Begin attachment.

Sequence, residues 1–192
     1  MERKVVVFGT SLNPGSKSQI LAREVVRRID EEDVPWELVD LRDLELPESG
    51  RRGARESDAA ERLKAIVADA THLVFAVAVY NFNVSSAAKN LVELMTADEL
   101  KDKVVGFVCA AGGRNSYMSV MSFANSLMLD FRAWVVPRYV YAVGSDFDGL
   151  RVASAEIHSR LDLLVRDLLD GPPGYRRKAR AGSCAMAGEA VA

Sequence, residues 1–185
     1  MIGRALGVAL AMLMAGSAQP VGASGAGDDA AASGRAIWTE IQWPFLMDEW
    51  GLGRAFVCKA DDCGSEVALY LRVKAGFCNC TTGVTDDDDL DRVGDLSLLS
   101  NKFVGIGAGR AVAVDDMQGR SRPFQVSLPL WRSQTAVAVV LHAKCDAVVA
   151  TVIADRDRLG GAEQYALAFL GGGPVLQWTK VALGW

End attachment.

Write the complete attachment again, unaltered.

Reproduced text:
Sequence, residues 1–192
     1  MERKVVVFGT SLNPGSKSQI LAREVVRRID EEDVPWELVD LRDLELPESG
    51  RRGARESDAA ERLKAIVADA THLVFAVAVY NFNVSSAAKN LVELMTADEL
   101  KDKVVGFVCA AGGRNSYMSV MSFANSLMLD FRAWVVPRYV YAVGSDFDGL
   151  RVASAEIHSR LDLLVRDLLD GPPGYRRKAR AGSCAMAGEA VA

Sequence, residues 1–185
     1  MIGRALGVAL AMLMAGSAQP VGASGAGDDA AASGRAIWTE IQWPFLMDEW
    51  GLGRAFVCKA DDCGSEVALY LRVKAGFCNC TTGVTDDDDL DRVGDLSLLS
   101  NKFVGIGAGR AVAVDDMQGR SRPFQVSLPL WRSQTAVAVV LHAKCDAVVA
   151  TVIADRDRLG GAEQYALAFL GGGPVLQWTK VALGW